See Photos of Uganda's Tiny Jewish Community

In the hills of Eastern Uganda, nearly 2,000 Jews live among their Christian and Muslim neighbors.
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See Photos of Uganda's Tiny Jewish Community Tommy Trenchard for Newsweek

On March 23, 2016, a group of Ugandans wearing masks and costumes gathered in a village in the shadow of Mount Elgon to mark a failed plot against the Jewish people in ancient Persia. Here, in the lush rolling terrain near the Kenyan border—a landscape dotted with churches and mosques in every village—a tiny community of Jews has been living for almost a century.

A month earlier, the Abayudaya, as Uganda's Jewish population are known, celebrated a major victory when their leader, Gershom Sizomu, Uganda's first and only rabbi, beat seven other candidates in the Muslim-majority constituency of Bungokho North to become the first Jew to win a seat in the country's parliament. The charismatic, guitar-playing rabbi comes from a family of Abayudaya leaders and hopes to use his new position to advocate for Uganda's Jews.

"We're still a minority group in Uganda," says Eliyahu Muyamba, a religious leader in the village of Namanyoni. "So we're not politically influential in the current system." Muyamba hopes that having representation in Parliament will help the community, which at times feels neglected by the government in Kampala, gain recognition and funding.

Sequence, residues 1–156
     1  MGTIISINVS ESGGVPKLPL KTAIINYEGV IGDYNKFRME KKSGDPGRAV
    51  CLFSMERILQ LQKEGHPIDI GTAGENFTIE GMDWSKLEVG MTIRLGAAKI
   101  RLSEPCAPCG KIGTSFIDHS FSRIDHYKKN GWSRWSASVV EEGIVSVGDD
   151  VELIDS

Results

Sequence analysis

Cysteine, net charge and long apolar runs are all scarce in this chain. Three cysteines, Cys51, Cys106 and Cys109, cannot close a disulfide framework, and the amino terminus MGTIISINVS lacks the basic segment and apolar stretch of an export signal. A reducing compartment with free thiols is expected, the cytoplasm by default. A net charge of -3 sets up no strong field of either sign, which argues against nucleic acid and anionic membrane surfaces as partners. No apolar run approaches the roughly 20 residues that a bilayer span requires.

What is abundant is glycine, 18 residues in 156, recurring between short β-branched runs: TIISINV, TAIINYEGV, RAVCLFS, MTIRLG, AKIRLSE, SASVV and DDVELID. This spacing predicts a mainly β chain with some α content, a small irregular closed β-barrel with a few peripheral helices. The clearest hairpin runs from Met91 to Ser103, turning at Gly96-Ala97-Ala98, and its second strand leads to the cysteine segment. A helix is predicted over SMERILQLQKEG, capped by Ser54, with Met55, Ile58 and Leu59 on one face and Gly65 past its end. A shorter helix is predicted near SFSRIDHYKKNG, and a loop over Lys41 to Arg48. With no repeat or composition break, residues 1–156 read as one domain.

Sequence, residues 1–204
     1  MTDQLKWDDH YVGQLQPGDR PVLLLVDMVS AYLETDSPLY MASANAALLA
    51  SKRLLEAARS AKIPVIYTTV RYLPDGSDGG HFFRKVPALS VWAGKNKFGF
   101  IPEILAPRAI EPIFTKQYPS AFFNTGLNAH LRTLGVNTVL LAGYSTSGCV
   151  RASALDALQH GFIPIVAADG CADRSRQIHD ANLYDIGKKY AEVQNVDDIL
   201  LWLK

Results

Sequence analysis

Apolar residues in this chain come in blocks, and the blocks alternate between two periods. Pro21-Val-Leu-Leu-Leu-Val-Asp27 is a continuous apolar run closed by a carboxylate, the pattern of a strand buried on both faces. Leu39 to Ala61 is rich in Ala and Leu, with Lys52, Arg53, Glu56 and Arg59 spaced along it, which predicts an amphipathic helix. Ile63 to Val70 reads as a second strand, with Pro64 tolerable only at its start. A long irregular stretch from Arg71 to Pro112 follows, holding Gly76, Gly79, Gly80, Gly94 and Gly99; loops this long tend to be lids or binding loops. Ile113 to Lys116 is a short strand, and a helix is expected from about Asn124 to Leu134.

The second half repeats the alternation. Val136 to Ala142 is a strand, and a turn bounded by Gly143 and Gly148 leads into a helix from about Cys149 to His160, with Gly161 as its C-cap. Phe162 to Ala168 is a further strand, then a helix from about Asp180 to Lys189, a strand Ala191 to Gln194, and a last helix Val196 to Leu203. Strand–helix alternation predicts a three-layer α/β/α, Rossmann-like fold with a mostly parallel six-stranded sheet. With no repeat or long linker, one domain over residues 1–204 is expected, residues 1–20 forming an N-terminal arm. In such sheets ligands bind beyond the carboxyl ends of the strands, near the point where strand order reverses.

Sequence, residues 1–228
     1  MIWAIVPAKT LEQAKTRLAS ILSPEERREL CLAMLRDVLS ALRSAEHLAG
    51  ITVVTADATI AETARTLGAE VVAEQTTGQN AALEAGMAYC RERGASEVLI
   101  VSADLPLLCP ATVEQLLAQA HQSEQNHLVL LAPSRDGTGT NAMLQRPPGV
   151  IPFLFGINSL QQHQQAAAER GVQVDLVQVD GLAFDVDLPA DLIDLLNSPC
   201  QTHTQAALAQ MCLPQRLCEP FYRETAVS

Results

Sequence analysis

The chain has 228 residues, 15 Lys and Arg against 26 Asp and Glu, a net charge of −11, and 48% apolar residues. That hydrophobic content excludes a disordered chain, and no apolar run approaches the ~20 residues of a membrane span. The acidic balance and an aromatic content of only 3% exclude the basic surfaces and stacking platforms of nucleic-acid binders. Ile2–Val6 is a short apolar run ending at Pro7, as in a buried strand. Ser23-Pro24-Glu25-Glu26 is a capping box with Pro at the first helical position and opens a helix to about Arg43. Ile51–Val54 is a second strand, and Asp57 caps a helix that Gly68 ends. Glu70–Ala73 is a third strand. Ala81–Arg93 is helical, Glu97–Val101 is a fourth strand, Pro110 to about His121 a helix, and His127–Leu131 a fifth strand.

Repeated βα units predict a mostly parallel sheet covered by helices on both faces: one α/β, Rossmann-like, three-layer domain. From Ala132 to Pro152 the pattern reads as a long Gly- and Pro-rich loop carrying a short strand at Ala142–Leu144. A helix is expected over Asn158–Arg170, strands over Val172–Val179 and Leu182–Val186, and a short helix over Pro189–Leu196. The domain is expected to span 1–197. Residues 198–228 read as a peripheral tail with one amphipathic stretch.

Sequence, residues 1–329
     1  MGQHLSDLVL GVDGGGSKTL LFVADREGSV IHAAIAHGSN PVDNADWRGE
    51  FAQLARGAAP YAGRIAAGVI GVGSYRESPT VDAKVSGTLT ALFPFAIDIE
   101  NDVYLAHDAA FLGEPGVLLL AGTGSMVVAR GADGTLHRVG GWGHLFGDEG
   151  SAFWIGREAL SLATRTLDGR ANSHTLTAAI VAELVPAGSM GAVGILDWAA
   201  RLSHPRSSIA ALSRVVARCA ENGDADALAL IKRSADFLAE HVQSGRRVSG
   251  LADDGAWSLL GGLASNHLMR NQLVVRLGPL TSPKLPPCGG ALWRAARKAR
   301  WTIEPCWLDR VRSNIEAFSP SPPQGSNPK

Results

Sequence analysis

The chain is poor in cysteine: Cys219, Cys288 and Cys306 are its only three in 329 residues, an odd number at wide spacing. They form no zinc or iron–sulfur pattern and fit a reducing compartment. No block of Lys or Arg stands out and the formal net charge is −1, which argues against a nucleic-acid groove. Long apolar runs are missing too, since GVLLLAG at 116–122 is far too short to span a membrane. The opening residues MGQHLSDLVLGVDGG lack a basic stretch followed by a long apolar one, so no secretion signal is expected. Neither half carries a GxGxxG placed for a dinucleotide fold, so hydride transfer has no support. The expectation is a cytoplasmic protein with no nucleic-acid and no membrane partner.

Unlike other isolated Jewish communities, the Abayudaya—which translates as "people of Judah" in the local Luganda language—claim no ancestral link to Judaism. They are the legacy of a warrior chief named Semei Kakungulu. Inspired by the five books of Moses in the Old Testament and feeling shunned by the British colonial administration, he circumcised himself and his two sons and declared himself Jewish in 1919.

In the years that followed, Jewish travelers provided support and Hebrew texts to the fledgling community, who adopted more and more Jewish customs into their daily life. Today, there are around 2,000 Abayudaya, some of whom have officially converted into Conservative Judaism, and others who just practice without official recognition. They eat kosher food, learn Hebrew, pray at the prescribed times and strictly observe the Sabbath and other Jewish festivals.

Today, the community co-exists peacefully with its Muslim and Christian neighbors, although life hasn't always been easy for them. The repressive reign of Ugandan dictator Idi Amin in the 1970s was a particularly difficult time for the Abayudaya; Amin banned Judaism, forcing the community to convert or flee. By the time he fled into exile in 1979 (on Passover, as the Abayudaya like to point out), the number of Abayudaya had dwindled to just 300, down from 2,000 when Amin first came to power eight years earlier.

In May, Sizomu was sworn into Parliament, and the community is now feeling optimistic about its future. In the village of Nabugoye, they are building a large new synagogue, complete with a mikveh—a bath used for ritual immersion—for future convertees. The rabbi's success has also helped raise the Abayudaya's profile overseas, boosting the prospect of more international support for the community.

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Ugandan Jews chat as they walk to a local synagogue in the town of Mbale. The community of less than 2,000 people is known as the Abayudaya, which translates in the local Luganda language as "people of Judah." Tommy Trenchard for Newsweek